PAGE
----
“The Mobile Anchor” - Broadcasting & Cable

“The Mobile Anchor”

Rather was never content sitting behind the news desk
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As CBS Evening News anchor, Dan Rather brought a dynamic style to the traditionally deskbound job. Replacing Walter Cronkite just as newsgathering became unshackled from the constraints of lighting and land lines, Rather led the newscast from the field.

Dubbed ''Gunga Dan'' as a 60 Minutes correspondent for his field work from Afghanistan, Rather continued to present himself as the lead field correspondent for Evening News instead of its New-York-bound newsreader.

With Tom Bettag as his executive producer, Rather covered the collapse of the Soviet Union and dedicated himself to following the global diplomacy of Mikhail Gorbachev. While he was in Beijing covering a Sino-Soviet summit, the 1989 Tiananmen Square protests began. Rather anchored a 48 Hours special in prime time from the square even before the tanks rolled in.

The following year, 1990 was Rather's most traveled year: He anchored from the field on fully 66 of its 260 weekdays. That year featured Rather's first one-on-one with Iraqi dictator Saddam Hussein on the eve of Desert Storm—a scoop, let's not forget, he replicated in 2003 before the second U.S. war with Iraq.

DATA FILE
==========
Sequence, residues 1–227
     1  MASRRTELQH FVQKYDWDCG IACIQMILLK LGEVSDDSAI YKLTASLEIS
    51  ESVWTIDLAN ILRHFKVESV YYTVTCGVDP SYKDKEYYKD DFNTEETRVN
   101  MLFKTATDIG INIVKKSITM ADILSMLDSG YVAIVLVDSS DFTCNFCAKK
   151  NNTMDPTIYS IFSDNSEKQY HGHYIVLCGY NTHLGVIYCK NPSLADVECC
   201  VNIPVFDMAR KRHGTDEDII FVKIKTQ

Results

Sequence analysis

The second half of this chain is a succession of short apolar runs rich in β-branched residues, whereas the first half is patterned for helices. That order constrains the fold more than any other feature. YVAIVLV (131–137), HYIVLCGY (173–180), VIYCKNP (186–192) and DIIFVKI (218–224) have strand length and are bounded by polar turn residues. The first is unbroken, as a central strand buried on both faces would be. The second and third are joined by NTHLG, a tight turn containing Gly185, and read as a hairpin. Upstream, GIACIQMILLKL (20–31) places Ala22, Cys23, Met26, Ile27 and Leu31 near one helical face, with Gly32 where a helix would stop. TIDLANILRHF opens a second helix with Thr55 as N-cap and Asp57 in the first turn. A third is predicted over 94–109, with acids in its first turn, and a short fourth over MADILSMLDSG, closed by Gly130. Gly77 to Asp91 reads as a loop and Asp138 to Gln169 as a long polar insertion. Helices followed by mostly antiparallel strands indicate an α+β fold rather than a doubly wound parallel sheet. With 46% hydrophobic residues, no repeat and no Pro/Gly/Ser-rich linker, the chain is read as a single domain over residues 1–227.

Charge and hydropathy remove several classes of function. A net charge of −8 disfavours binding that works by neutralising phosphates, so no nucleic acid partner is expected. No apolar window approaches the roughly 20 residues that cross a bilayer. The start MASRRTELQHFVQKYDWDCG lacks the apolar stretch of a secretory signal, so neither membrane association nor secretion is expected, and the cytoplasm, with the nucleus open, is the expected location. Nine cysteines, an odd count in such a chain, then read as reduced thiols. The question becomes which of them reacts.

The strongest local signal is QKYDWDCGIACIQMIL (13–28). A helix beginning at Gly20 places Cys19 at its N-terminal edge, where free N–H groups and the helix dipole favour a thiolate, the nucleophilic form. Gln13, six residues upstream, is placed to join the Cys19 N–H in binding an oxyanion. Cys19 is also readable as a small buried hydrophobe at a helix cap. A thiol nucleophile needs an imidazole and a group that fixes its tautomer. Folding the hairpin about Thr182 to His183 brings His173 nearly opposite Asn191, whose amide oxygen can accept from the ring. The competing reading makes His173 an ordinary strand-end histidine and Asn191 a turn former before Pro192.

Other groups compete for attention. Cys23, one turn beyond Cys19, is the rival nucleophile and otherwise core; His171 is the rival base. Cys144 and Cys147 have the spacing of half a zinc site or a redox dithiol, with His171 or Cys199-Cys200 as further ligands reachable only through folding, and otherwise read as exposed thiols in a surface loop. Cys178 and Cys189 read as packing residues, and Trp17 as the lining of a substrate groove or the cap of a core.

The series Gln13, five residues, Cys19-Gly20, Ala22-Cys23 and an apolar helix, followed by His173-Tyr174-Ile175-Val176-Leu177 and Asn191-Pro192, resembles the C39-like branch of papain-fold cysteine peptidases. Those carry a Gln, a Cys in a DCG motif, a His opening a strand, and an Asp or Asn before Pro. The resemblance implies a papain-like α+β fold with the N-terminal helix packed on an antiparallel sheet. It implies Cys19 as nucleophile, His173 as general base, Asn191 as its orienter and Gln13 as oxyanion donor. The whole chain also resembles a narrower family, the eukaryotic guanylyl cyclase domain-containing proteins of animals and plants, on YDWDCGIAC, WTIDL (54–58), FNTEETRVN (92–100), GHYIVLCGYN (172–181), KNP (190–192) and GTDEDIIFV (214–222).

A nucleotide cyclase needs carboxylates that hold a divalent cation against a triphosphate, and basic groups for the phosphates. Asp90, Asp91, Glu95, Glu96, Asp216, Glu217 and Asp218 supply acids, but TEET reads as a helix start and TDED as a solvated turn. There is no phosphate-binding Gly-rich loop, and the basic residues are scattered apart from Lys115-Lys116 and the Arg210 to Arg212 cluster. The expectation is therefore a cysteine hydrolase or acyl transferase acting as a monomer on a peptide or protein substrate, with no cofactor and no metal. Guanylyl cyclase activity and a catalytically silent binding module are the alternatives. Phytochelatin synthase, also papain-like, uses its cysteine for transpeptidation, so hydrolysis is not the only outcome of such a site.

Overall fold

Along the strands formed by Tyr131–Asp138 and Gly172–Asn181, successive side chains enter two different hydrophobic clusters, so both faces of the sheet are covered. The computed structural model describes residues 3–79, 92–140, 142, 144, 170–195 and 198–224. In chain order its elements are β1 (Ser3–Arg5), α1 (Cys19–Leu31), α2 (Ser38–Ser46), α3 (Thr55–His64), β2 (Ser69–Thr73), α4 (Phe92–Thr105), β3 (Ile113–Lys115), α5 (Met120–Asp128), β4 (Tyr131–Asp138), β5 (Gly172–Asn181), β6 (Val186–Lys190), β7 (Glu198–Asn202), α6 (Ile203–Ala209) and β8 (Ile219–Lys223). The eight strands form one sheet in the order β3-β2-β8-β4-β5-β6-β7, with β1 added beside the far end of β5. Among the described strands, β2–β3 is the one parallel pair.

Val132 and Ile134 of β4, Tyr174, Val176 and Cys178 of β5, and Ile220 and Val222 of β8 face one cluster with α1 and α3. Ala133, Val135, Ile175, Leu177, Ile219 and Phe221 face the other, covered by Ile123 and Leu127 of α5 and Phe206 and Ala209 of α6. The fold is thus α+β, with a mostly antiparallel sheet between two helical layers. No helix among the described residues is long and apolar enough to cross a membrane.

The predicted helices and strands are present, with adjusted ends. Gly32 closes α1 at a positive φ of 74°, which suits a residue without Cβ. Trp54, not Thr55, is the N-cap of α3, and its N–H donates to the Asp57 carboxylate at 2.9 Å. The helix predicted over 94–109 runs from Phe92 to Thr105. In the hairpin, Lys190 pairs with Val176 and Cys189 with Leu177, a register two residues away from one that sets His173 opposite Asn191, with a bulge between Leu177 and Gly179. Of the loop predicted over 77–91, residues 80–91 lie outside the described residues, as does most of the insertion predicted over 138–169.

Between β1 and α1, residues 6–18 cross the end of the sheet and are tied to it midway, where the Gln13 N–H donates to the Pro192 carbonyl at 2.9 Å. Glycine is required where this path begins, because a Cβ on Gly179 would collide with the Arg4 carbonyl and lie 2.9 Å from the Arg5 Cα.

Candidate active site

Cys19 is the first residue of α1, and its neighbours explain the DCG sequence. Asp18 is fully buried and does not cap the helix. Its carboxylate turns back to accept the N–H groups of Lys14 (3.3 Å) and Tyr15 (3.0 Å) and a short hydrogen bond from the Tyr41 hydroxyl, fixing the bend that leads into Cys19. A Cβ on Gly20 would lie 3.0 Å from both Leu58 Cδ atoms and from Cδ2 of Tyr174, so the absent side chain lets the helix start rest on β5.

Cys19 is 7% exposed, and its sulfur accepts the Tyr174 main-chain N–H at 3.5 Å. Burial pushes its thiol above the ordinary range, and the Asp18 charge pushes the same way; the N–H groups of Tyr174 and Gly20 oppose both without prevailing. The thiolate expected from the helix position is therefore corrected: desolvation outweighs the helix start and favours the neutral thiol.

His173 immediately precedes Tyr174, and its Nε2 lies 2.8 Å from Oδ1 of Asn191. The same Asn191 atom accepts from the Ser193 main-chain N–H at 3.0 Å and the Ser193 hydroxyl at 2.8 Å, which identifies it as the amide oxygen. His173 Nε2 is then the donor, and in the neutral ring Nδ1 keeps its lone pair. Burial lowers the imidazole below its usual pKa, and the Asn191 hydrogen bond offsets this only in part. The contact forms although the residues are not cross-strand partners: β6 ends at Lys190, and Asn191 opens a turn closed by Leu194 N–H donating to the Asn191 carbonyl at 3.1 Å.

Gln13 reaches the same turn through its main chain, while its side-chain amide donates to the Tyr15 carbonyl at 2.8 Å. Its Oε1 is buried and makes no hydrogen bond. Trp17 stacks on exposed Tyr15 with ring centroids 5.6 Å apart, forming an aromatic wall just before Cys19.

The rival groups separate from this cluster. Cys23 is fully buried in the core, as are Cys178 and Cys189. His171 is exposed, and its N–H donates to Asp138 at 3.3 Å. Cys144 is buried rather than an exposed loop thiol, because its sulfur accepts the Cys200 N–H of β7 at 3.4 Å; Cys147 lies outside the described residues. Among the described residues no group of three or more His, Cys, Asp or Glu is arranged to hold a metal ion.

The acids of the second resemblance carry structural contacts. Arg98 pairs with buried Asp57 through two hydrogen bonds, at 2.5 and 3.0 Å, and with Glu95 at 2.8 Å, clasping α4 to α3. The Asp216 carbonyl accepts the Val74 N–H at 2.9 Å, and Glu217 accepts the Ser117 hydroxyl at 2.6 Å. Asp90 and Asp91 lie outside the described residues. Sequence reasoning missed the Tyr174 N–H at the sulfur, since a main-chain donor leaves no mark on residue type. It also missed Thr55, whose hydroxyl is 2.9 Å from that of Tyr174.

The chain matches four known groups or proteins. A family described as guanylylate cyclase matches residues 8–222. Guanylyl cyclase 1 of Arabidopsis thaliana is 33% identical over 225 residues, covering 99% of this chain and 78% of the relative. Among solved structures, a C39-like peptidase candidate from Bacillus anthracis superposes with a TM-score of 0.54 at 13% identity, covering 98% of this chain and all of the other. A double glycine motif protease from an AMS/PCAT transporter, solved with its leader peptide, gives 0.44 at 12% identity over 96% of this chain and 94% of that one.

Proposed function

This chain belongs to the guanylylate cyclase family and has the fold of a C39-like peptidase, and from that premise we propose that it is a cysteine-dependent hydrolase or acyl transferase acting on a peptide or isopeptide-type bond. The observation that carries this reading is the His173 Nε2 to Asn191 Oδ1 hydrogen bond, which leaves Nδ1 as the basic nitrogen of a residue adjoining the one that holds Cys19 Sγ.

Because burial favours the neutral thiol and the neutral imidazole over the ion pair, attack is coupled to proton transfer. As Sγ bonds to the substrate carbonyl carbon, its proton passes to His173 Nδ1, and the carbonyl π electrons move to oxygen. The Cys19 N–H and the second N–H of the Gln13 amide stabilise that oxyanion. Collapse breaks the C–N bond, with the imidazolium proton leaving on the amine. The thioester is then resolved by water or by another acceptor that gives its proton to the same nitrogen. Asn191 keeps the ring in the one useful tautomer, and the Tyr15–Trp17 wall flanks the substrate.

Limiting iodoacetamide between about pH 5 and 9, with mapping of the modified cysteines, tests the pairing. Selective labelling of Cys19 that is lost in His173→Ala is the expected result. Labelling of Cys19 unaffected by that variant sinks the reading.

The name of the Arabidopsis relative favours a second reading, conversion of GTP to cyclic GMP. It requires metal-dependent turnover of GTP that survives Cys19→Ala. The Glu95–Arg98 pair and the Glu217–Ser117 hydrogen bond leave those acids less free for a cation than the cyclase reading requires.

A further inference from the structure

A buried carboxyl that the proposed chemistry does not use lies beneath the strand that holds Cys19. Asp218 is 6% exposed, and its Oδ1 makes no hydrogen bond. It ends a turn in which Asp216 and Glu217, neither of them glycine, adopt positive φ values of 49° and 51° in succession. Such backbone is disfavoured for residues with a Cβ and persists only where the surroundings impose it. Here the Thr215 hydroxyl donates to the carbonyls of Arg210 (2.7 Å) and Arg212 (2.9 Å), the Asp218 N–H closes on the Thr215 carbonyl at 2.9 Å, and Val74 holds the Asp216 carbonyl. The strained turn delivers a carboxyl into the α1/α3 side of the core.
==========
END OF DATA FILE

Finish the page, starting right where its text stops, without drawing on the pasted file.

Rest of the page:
Rather was the anchor who asked the correct question of the soon-to-be-deposed tyrant (whether he had any weapons of mass destruction; he got an honest, negative, answer).

Besides diplomacy, Rather's other signature reporting beat on the road was in the eye of a storm. He pioneered the techniques of eyewitness meteorology that are now commonplace on cable television news. Remember this hallmark quote from Hurricane Andrew in 1992: “What this was I do not know. It was three-quarters of a city block of something. Gone. Toys R Us has become Toys Were Us.”

The announcement of Rather's resignation feels like the end of the era. In truth, however, Rather has long-since ceased being the action anchorman, more at home in his trenchcoat than at the heart of a story. For several years Rather, now 73, has been more of a stay-at-home newsreader.

For the first 10 years of The Tyndall Report's database (1988-97), Rather averaged 37 weekday evenings annually on which he anchored from the field (29 for ABC's Peter Jennings, 33 for NBC's Tom Brokaw).

Over the last seven years, Rather is no longer the Big Foot. His on-the-road average has been cut almost in half, down to 20 dates, in third place behind the other two (Jennings 22 and Brokaw 32).

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